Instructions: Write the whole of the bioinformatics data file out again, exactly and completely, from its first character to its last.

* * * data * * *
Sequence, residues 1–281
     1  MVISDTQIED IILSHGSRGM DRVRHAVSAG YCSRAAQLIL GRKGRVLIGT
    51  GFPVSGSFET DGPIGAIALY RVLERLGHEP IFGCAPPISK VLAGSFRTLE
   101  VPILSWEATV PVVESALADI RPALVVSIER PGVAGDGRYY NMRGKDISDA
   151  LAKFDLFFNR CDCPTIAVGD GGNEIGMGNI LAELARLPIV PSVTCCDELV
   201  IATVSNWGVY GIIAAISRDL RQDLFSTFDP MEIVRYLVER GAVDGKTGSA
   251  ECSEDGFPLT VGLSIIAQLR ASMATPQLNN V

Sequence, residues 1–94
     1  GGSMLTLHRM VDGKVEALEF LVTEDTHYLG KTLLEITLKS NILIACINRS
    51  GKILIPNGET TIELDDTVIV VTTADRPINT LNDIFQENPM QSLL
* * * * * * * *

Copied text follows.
Sequence, residues 1–281
     1  MVISDTQIED IILSHGSRGM DRVRHAVSAG YCSRAAQLIL GRKGRVLIGT
    51  GFPVSGSFET DGPIGAIALY RVLERLGHEP IFGCAPPISK VLAGSFRTLE
   101  VPILSWEATV PVVESALADI RPALVVSIER PGVAGDGRYY NMRGKDISDA
   151  LAKFDLFFNR CDCPTIAVGD GGNEIGMGNI LAELARLPIV PSVTCCDELV
   201  IATVSNWGVY GIIAAISRDL RQDLFSTFDP MEIVRYLVER GAVDGKTGSA
   251  ECSEDGFPLT VGLSIIAQLR ASMATPQLNN V

Sequence, residues 1–94
     1  GGSMLTLHRM VDGKVEALEF LVTEDTHYLG KTLLEITLKS NILIACINRS
    51  GKILIPNGET TIELDDTVIV VTTADRPINT LNDIFQENPM QSLL